An Inside Higher Ed article suggests that the recession-catalyzed increase in college enrollment may not mean what we think it means for private colleges:

Private colleges bolstered financial aid and decreased selectivity to help sustain enrollment in a downward economy, but a significant number still expect tuition and fee revenues to decline this year, according to a survey released today by Moody’s Investors Service.

Nearly 30 percent of the 100 private colleges that responded to Moody’s survey project their net tuition and fee revenues to fall in the 2010 fiscal year, which began in July at most institutions. The percentage of colleges reporting anticipated revenue declines is higher than in recent years, when an average of fewer than 10 percent of those surveyed recorded decreases.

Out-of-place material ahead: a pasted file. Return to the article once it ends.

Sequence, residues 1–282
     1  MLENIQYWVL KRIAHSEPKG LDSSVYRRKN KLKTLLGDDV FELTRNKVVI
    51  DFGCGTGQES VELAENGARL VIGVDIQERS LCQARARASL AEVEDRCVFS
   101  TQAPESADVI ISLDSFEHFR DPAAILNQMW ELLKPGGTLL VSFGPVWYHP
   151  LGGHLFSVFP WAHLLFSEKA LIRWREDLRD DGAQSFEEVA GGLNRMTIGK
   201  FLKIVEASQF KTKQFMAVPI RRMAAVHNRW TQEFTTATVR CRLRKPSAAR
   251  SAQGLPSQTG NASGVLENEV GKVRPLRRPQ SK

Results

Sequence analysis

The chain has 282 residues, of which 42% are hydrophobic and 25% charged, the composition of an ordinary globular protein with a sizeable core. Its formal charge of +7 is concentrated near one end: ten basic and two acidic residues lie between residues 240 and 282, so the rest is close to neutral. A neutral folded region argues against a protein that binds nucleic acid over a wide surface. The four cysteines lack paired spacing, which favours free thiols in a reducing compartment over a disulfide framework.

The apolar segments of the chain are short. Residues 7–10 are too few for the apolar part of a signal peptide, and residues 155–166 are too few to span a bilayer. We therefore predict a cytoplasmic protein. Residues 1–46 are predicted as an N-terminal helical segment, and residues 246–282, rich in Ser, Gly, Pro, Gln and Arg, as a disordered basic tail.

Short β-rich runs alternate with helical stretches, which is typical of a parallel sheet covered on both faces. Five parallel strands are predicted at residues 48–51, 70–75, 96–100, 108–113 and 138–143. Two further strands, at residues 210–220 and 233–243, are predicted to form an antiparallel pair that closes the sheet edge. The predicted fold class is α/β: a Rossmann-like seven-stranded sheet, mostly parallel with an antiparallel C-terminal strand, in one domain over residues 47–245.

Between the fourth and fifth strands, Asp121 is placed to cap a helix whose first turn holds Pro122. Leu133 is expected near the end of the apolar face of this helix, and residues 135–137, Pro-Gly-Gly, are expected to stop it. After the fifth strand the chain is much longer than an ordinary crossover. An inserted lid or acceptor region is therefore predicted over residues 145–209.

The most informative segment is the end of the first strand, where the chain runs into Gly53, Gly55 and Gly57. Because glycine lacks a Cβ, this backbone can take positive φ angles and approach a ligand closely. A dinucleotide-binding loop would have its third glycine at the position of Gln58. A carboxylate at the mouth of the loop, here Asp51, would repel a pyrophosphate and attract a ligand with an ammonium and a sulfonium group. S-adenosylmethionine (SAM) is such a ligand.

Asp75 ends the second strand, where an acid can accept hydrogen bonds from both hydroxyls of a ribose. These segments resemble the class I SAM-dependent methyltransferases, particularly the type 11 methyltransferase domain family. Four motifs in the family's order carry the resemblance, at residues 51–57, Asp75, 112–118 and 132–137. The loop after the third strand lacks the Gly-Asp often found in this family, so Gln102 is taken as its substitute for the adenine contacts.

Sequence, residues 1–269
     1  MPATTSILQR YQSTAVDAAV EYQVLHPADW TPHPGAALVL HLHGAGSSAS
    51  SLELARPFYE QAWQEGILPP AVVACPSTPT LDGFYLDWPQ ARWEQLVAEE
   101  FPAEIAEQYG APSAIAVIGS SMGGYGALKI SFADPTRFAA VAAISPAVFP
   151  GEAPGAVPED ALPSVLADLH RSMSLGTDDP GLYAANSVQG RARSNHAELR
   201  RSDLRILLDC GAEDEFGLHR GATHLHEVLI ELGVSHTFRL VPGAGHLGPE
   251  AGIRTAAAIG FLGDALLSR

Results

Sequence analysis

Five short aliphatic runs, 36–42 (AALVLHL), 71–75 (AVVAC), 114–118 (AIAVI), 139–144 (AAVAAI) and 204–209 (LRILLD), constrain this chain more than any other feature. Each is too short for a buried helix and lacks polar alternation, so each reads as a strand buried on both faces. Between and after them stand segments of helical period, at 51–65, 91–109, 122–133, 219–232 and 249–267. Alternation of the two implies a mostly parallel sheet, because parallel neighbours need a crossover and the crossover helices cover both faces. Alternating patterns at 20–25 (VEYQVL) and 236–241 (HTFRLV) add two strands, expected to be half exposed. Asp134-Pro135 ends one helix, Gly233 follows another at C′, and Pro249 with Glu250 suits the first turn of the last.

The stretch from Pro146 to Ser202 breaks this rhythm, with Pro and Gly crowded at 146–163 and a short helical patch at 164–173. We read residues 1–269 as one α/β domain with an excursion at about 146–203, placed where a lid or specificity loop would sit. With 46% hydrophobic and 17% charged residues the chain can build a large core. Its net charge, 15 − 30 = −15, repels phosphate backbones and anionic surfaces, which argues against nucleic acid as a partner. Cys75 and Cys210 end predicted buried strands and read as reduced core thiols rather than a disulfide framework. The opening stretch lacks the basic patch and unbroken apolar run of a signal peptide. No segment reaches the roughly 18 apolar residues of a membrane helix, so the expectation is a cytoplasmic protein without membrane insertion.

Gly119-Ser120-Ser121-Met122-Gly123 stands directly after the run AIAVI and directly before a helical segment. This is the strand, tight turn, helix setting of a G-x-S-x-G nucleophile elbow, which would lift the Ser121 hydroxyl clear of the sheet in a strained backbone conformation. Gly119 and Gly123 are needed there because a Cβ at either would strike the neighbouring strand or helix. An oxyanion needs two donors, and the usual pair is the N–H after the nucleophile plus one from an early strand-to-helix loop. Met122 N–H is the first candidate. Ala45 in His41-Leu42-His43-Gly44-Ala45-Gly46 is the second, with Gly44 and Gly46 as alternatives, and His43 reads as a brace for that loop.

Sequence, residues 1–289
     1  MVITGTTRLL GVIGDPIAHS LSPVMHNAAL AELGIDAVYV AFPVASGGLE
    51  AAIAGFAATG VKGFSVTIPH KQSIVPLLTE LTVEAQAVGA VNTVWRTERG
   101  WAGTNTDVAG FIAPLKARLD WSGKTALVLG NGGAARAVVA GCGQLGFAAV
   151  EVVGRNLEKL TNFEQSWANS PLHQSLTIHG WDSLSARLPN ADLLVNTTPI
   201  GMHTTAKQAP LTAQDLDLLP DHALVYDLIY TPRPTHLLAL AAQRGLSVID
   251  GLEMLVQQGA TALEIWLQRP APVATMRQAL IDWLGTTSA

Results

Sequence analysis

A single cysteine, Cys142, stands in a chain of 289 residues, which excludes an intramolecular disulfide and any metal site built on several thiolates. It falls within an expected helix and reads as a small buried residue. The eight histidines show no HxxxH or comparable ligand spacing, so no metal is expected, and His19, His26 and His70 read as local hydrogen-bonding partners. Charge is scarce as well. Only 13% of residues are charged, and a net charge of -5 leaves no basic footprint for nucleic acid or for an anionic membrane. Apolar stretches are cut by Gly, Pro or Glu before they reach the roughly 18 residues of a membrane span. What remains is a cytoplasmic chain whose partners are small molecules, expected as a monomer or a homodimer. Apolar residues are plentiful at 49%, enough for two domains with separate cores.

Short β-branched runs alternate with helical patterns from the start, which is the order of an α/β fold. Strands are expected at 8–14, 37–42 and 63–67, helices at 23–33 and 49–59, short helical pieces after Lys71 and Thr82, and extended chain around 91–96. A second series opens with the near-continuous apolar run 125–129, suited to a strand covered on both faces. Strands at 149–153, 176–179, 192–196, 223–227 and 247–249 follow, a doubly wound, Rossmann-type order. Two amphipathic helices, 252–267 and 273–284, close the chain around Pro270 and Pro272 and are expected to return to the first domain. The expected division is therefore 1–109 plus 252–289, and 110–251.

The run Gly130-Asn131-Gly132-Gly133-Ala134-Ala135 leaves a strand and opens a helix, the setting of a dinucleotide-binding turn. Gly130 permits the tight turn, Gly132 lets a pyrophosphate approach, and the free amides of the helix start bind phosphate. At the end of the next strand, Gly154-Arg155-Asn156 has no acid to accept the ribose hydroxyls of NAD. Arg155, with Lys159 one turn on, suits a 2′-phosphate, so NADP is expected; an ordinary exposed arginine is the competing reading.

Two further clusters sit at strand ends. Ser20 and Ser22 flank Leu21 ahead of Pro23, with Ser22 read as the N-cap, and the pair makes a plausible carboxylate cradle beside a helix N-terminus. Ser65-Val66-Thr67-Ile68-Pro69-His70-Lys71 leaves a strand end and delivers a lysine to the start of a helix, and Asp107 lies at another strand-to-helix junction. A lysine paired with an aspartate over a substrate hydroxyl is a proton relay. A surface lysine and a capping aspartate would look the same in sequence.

The results of the survey suggest that private colleges, which tended to increase tuition more modestly this year, have taken a financial hit even though undergraduate enrollment actually increased on most campuses. Indeed, 73 percent of those surveyed showed enrollment growth, and at one unnamed institution enrollment increased by 15.4 percent, the report notes.

Our ideas can save democracy... But we need your help! Donate Now!

Jesse Singal is a former opinion writer for The Boston Globe and former web editor of the Washington Monthly. He is currently a master's student at Princeton's Woodrow Wilson School of Public and International Policy. Follow him on Twitter at @jessesingal.